Originally created 03/19/03

Lynx 'Original Seven' say pride is on the line



The National Hockey League has the "Original Six" - a half-dozen teams that have been the cornerstones of the league since 1942.

In Augusta, the Lynx have the "Original Seven" - the last remaining players who were with the team on opening night, a close-knit group that has endured a tumultuous 2002-03 season.

For a team that's been a revolving door of players, the original seven - forwards Jim Shepherd, Ryan Lauzon, Josh St. Louis, Tyson Holly and Jeff Szwez, and defensemen Ryan Crane and Jay Leach - say pride is on the line with two weeks left in the season and a playoff spot still possible.

"I think it has been a difficult year for the organization, and I think we've got to pride ourselves that we even still have a chance," said Holly, as the Lynx begin their final playoff push tonight at home against the Atlantic City Boardwalk Bullies.

"There's a sense of pride and dedication for the seven guys that have been here the whole year. A lot of teams would have folded and given up, but this team has shown a lot of character to still have a chance with seven games left."

The Lynx opened the season with a new NHL affiliation with the Phoenix Coyotes and an eye on returning to the East Coast Hockey League playoffs after falling one point short in 2001-02.

But after a 3-7-0 start, the troubled Lynx moved Jim Burton from the coach's office to the front office and named David Wilkie coach. A wave of moves followed. Augusta has made 72 player transactions and more than a dozen trades, using a total of 44 players, second-most in the league.

By the end of December, the Lynx were spiraling, stuck in the ECHL basement at 10-20-1. Their woes continued deep into February, when Wilkie assembled his current club through a series of signings and trades.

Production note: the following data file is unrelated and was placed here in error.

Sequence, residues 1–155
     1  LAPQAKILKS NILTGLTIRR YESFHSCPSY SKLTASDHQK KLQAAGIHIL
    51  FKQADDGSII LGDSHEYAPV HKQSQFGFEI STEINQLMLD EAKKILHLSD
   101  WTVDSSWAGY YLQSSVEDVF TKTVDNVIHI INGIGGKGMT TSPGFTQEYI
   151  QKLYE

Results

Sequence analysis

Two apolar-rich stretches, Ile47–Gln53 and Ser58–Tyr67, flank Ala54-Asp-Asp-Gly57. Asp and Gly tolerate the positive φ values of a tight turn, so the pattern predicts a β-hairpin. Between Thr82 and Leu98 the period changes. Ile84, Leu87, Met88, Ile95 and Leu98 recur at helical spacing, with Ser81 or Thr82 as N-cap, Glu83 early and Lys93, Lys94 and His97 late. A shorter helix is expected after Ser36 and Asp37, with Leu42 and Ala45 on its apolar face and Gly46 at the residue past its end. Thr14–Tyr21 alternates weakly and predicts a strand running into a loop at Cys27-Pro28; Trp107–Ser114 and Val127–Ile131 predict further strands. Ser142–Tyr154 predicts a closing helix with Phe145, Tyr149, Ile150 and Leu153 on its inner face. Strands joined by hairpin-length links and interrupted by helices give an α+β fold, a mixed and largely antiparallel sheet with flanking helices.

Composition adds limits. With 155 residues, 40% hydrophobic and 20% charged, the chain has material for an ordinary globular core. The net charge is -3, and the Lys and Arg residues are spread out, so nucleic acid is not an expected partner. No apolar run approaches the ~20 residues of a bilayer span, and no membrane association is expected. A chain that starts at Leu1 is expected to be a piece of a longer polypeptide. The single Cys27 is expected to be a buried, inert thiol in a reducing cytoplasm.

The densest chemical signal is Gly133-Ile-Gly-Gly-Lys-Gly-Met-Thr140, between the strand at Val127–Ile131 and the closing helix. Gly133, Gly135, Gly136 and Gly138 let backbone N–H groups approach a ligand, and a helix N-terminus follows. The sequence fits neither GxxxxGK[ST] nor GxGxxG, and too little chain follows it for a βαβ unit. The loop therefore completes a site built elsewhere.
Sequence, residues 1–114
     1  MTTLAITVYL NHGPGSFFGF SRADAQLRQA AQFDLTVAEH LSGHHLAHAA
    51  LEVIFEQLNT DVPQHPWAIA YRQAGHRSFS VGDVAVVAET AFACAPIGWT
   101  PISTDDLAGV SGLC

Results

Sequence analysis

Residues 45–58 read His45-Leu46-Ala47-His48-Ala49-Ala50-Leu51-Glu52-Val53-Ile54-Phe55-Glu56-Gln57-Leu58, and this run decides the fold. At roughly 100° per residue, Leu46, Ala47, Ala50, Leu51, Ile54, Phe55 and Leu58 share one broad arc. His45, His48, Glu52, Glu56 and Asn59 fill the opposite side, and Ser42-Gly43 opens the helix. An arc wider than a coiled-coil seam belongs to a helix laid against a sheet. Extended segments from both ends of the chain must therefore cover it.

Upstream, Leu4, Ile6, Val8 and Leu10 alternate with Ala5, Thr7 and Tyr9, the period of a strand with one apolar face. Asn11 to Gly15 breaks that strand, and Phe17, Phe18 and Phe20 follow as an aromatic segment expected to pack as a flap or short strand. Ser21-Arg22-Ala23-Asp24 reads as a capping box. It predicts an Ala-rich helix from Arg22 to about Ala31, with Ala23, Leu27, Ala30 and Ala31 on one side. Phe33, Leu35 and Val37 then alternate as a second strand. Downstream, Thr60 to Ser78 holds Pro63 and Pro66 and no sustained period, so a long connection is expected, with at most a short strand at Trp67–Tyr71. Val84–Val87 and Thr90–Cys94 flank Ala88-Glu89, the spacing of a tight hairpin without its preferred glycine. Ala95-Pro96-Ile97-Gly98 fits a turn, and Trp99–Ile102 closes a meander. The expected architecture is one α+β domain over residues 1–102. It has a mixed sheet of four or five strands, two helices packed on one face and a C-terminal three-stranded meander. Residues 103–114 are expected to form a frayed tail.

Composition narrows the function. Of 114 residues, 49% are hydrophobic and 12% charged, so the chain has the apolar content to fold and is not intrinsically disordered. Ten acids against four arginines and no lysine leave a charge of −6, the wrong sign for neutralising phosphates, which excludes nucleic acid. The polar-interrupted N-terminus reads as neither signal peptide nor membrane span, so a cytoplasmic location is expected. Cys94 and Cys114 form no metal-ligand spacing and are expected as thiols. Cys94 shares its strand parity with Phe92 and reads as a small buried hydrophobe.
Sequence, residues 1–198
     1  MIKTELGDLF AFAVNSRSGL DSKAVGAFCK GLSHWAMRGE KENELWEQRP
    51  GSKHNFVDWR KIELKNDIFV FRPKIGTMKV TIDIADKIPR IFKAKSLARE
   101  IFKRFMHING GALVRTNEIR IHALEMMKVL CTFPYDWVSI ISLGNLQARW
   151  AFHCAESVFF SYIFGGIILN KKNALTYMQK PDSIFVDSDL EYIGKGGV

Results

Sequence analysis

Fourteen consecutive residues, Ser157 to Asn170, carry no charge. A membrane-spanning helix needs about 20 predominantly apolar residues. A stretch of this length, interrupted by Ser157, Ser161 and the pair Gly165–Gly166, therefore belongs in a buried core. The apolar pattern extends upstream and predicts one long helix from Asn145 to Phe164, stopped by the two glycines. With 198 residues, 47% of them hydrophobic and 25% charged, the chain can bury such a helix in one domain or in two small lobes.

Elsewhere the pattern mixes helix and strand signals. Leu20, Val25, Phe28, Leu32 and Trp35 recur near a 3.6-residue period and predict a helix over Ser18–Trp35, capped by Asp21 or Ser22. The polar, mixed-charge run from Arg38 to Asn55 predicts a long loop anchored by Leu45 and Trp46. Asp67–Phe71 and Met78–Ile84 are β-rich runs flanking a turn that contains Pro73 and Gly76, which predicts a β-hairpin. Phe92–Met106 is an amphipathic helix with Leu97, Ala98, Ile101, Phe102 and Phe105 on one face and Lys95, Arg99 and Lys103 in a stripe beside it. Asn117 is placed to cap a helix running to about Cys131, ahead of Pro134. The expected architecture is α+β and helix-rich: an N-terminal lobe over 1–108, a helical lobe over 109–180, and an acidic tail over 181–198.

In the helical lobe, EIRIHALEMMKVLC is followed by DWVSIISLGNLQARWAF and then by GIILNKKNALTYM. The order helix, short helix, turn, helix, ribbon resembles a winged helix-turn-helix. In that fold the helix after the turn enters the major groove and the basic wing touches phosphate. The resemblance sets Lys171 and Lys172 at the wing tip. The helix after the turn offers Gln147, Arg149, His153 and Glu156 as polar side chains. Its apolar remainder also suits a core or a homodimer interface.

Around the league, the Lynx have been hailed as one of the ECHL's most improved clubs after acquiring the likes of forwards Chris Thompson, Andrew Ianiero and Vince Malts and defenseman Phil Roy at the trade deadline.

The question remains. Were all the promising moves too little, too late?

"We don't look at it that way at all," said Crane, a rookie who played briefly for Atlantic City at the end of last season. "Turns out we have a lot better team than we did at the start of the year, and we're winning some games now. There's seven of us left from the beginning, and it would be a great feeling to make the playoffs after all we've been through together."

Coincidentally, the number seven is important to the Lynx as they enter the home stretch. Including tonight, the Lynx have seven games left, and they are seven points behind Greenville for the fifth and final playoff spot in the Southeast Division.

"There's a bit of a bond between the seven of us," Holly said. "We talk about how we're glad for all we've been through together and how we've persevered."

For Wilkie, his wish for the Original Seven is that they can find a way to make the postseason and complete what would be a remarkable comeback.

"The guys that have been here all year long have been through a lot of ups and downs, and more downs than ups," Wilkie said. "They're pretty resilient. There's a lot of loyalty there from my standpoint for those seven guys. They stuck together through thick and thin. I'd love to see something good happen for them after all we've been through."